Between the late-February market sell-off due to Coronavirus fears and the record highs achieved in January, I’ve spent a lot of time this year fielding questions from clients about whether it might be time to pull out of the markets. Surprising, right? But both rise in performance and a drop in performance can spark the same kinds of concerns.
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The concept of selling in these situations can be summed up as the “up a lot” and “down a lot” styles of investing: Markets are “up a lot” so we should get out before they fall, or markets are “down a lot” so it must be time to get out before it gets worse.
That might sound sensible in general terms, but try to imagine what it would be like to manage a portfolio like this. What does “a lot” actually mean? Which asset classes would make for a “safer” alternative? How much do you sell, and why? In my view, the “down a lot” approach is even more threatening to your financial security: It’s like thinking you might be at risk of an accident and knowing your car has air bags, but deciding to jump out anyway.
These strategies are, in my opinion, a dangerous take on active management. But there is an alternative.
What makes for good active management?
I’m a supporter of active management as a means of mitigating risk and uncovering opportunities. But as I tell my clients, active management is very different from trying to time the market based on past performance or a gut feeling, like the “up a lot” or “down a lot” philosophies.
Rather than making decisions solely on markets rising and falling, I think it’s important to look at how the underlying economic picture is developing. Looking at a broad range of economic indicators can provide a more nuanced view of the economy and where things might be heading.
One of the active managers I turn to for my clients’ portfolios does exactly that: the portfolio managers keep track of about 20 different indicators touching every aspect of the economy, from consumer behavior to geopolitical risk and business outlook. Taken together, these analyses provide a tapestry of information. This can be assessed as a whole to help provide a picture of the potential risks facing the markets.
Using that information, portfolios can be adjusted to mitigate the impact of growing risk in the economy and to potentially help avoid the impact of severe market downturns.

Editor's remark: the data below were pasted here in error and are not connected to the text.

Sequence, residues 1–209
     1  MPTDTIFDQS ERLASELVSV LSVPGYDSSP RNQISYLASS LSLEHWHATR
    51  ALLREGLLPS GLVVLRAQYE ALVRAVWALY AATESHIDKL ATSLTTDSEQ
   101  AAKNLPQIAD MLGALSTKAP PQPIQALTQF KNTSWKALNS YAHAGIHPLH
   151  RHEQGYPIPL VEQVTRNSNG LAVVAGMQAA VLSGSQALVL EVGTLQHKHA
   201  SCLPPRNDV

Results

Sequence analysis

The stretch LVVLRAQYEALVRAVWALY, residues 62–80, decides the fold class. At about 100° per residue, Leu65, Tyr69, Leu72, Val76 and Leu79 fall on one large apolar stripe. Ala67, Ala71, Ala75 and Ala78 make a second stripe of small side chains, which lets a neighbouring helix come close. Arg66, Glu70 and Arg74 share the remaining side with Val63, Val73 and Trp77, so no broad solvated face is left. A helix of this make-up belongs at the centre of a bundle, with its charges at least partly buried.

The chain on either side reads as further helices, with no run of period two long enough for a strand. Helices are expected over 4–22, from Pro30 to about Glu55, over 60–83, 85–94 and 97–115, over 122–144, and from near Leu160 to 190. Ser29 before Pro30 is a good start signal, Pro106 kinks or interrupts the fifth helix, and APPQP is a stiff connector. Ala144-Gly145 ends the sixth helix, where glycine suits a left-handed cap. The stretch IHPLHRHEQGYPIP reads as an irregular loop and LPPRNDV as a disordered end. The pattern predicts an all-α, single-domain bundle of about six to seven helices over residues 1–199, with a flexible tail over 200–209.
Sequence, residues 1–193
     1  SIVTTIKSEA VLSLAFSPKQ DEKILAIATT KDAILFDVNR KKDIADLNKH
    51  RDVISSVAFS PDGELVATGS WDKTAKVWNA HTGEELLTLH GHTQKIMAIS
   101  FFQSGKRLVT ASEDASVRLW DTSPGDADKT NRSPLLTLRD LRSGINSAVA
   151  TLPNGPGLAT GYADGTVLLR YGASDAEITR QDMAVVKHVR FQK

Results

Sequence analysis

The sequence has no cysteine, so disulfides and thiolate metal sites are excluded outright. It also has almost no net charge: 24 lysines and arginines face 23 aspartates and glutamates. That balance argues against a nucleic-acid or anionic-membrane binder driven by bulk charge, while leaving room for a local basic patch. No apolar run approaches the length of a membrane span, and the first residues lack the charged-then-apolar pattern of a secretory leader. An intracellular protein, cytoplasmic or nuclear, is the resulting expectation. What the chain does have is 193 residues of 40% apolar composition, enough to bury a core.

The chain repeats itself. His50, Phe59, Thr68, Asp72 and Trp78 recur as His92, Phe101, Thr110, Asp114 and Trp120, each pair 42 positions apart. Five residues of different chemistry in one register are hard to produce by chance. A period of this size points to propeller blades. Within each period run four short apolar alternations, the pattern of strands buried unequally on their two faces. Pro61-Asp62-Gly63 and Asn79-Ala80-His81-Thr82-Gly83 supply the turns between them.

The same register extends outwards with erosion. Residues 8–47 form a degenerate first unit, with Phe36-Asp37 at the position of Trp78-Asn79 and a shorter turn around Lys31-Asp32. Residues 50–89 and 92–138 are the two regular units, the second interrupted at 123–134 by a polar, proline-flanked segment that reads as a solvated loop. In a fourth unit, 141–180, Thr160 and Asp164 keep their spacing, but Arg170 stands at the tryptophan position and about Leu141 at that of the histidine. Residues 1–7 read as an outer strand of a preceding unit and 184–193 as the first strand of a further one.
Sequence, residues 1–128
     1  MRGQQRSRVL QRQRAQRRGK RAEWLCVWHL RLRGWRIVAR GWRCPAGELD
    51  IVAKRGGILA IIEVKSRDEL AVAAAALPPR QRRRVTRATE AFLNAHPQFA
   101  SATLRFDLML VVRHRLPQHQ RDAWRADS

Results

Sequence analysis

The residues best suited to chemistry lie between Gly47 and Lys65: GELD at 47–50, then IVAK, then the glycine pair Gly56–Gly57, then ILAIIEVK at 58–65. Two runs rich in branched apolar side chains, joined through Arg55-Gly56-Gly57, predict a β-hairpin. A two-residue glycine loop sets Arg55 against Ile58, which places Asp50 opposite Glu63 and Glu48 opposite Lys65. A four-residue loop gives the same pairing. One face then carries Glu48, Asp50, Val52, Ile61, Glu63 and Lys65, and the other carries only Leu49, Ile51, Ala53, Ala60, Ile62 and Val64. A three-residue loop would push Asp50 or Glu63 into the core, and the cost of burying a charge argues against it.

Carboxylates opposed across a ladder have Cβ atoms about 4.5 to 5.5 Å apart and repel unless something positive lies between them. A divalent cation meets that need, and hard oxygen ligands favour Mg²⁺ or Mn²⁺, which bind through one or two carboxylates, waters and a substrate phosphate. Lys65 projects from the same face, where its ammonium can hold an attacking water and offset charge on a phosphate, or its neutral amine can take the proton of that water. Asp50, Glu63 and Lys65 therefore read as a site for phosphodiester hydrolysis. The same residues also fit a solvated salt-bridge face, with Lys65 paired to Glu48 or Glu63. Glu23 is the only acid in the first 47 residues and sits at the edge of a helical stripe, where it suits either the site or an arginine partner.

How does that look for clients – and what’s the difference?
In my opinion, this is a significantly different approach compared to the way most portfolios are managed.
Most active investment managers will create a core asset allocation and perhaps include a “risk budget,” or some limits to the amount of volatility allowed in the portfolio. A manager might incorporate some economic indicators into this strategy and have a process for tactical decision-making. However, that’s where most of them will stop. Instead, good advisers will take an important additional step: personalized/customer risk management.
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What does that look like? At my firm, we track the level of volatility that is personalized to the client’s asset allocation. If we see volatility outside what we would consider “normal” and believe this it is not a short-term correction, we will look to reduce risk in the portfolio by selling off assets, starting with the riskiest ones first. What many of my clients fear above all is another 2008. Taking these kinds of non-normal events (aka black swan events) into account and factoring in an investor’s specific individual needs means that we can seek to better control volatility through any market cycle.
Combined with the broad economic projections we talked about above, this is the next level of active management, one that is both highly tailored to the individual (pinpointing their own risk threshold) and highly attuned to the possible directions of the economy at the same time.
These are the air bags in your portfolio, and when they’re deployed they can help to cushion the blow of an economic turn for the worst.
Engineering versus emotion
Designing a portfolio that works like this is a lot like building a car: It takes engineering, not emotion. The process relies on having the discipline to spot big risks and build a portfolio that can deploy the air bags at the right moment. When that air bag is deployed, you start taking steps to move from riskier assets to more conservative assets, and even toward cash if the road starts to look very treacherous.
This is so important. It’s very easy to get caught up in the latest news about a single economic indicator or a single geopolitical headline, including the Coronavirus. It’s hard not to fall into it: The news is loud, and it tends to focus on one big story at a time. The unknown is always the scariest.
But the economy is far more complicated than headlines, and it’s important to have a process in place for analyzing it — and reacting to it.
On the other hand, a lot of advisers will invest your money in a long-only model portfolio that won’t adjust when the market turns — and more importantly won’t increase the cash allocation if they are forecasting a recession. Even if they’re nervous, these advisers are unlikely to make any changes to help preserve your savings; you’ll just have to grin and bear whatever the market brings. I think this is also a mistake.
For me, the key is to be responsive to the market without getting emotional. Rather than relying on rules of thumb, build a strategy that can give you all the benefits of well-designed and well-engineered risk management.
For more information on this modern, personalized approach to risk investment management, click here for a more detailed article about my approach.
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